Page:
Ida: The latest on recovery efforts one week after landfall
(ABC)- There have been at least 68 deaths across eight U.S. states related to Ida, including at least 51 in the Northeast.
According to the Washington post, nearly 1 in 3 Americans live in a county that was hit by a weather disaster this summer. Ida is the latest weather disaster which made landfall in Louisiana and left a path of destruction all the way to the northeast.
One week after Ida came ashore as a category 4 hurricane in Louisiana, more than half a million people are still without power. “We know there are a lot of people out there who are in fact hurting. And we’re going to continue to work hard every single day to bring additional relief and to make progress,” said John Bel Edwards, governor of Louisiana.
Residents waited in long lines for water, ice, food, and fuel. The situation made worse by extreme heat. “Every night it get a little bit warmer, you know, and you try to tough it out without any air. You got to get out. It’s just too tough,” said Marilyn Perkins. The mayor of Grand Isle said recovery will take months. “It looks like a bomb went off. We have no water. We have no electricity. We have no food,” said the mayor of Grand Isle. Some of the hardest hit areas could be without power until the end of September.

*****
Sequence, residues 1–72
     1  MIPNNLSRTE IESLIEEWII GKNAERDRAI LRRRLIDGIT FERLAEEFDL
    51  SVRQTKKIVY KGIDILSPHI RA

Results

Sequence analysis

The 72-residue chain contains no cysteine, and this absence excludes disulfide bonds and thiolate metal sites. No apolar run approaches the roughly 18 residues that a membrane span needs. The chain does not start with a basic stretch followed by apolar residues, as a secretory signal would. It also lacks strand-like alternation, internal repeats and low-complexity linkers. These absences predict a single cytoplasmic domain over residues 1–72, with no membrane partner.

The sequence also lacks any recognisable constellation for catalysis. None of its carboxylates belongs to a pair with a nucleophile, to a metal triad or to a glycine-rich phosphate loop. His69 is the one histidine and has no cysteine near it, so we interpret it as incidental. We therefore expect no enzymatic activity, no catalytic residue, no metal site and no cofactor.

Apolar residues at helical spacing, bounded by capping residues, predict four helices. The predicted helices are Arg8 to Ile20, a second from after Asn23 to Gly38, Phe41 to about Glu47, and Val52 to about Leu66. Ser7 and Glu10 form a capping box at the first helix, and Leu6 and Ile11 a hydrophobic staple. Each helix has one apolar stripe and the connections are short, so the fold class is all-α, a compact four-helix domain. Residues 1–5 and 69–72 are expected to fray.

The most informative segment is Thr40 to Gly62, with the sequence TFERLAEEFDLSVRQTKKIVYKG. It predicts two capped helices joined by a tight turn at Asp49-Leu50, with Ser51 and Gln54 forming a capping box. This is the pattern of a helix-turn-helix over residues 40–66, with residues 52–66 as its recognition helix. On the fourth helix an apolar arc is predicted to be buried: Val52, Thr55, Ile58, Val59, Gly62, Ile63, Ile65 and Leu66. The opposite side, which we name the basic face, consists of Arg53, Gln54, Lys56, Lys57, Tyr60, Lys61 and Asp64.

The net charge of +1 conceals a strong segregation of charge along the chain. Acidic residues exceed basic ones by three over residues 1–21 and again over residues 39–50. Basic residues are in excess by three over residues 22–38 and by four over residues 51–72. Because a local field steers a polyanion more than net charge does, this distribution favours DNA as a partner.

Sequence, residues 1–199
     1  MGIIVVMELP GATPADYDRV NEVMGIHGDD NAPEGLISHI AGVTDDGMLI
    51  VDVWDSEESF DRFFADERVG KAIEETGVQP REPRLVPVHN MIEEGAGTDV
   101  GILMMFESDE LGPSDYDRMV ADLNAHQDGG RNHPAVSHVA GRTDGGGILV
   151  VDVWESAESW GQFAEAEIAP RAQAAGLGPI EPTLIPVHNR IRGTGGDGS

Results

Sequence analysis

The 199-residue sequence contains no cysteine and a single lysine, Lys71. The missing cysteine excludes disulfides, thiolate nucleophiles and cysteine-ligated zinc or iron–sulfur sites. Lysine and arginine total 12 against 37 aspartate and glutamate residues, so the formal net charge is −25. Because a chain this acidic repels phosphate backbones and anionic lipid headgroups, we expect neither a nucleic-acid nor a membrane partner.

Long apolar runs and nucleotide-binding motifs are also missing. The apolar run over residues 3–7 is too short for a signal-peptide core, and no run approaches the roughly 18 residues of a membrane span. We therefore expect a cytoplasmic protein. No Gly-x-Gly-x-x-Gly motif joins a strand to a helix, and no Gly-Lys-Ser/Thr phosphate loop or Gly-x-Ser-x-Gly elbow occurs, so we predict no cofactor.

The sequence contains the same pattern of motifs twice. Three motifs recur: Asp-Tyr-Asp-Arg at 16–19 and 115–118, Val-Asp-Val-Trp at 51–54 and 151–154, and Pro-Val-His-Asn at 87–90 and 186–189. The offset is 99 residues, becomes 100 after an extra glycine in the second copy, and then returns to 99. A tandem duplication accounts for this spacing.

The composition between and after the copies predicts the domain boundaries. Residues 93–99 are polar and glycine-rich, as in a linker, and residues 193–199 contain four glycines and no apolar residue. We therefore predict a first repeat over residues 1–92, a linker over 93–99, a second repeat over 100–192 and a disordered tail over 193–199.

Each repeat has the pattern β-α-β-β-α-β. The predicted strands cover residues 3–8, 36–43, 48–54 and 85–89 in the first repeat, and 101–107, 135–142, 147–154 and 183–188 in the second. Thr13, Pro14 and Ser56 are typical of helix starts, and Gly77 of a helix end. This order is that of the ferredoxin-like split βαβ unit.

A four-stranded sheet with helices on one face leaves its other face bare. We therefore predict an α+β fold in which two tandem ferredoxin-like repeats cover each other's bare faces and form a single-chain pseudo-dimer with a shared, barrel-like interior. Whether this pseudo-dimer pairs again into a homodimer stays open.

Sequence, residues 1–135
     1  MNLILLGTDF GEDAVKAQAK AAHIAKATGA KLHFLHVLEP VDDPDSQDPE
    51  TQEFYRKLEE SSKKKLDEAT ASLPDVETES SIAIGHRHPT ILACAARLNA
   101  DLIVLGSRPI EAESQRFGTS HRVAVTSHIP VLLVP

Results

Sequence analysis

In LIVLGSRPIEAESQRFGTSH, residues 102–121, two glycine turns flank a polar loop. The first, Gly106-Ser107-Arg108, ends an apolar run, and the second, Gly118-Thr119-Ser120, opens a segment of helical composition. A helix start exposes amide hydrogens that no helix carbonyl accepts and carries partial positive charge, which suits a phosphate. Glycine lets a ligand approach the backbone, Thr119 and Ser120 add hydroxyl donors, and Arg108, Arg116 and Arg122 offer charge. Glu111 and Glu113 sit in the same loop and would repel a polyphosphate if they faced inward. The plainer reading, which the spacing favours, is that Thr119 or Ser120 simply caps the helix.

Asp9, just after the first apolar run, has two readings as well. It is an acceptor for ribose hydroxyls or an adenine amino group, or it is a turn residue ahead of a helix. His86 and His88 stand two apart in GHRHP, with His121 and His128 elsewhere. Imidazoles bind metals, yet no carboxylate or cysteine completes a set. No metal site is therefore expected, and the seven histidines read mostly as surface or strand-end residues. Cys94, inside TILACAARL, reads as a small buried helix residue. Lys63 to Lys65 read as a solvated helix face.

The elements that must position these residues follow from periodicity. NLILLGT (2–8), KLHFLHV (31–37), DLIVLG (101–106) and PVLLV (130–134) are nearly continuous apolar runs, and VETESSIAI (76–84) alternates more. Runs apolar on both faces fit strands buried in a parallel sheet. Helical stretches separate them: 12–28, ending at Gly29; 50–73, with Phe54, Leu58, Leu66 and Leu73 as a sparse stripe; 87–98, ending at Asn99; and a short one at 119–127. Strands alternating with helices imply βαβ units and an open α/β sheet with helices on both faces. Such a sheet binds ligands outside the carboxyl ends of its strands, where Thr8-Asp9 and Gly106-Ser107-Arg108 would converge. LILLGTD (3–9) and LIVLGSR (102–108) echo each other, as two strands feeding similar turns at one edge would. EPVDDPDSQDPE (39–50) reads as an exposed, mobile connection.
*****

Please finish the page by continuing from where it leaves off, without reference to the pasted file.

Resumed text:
Ida’s path of destruction stretched all the way to the northeast. In Philadelphia, the Vine Street Expressway finally reopened after crews cleared the flood waters. Nearly 800 bridges across Pennsylvania will need post-flood inspections. New Jersey saw flooding and tornadoes spawned by Ida, and then home and businesses destroyed by fire. Those fires unreachable amid the floodwaters.
President Biden got a first hand look at some of the devastation in Louisiana on Friday. On Tuesday, he will travel to some hard hit areas in New Jersey and New York. “The human toll my friends was tremendous, 1200 homes have been impacted by the storm,” said Governor Hochul of New York. The cost to rebuild and repair the damaged inflicted by Ida is already estimated to be in the tens of billions of dollars.
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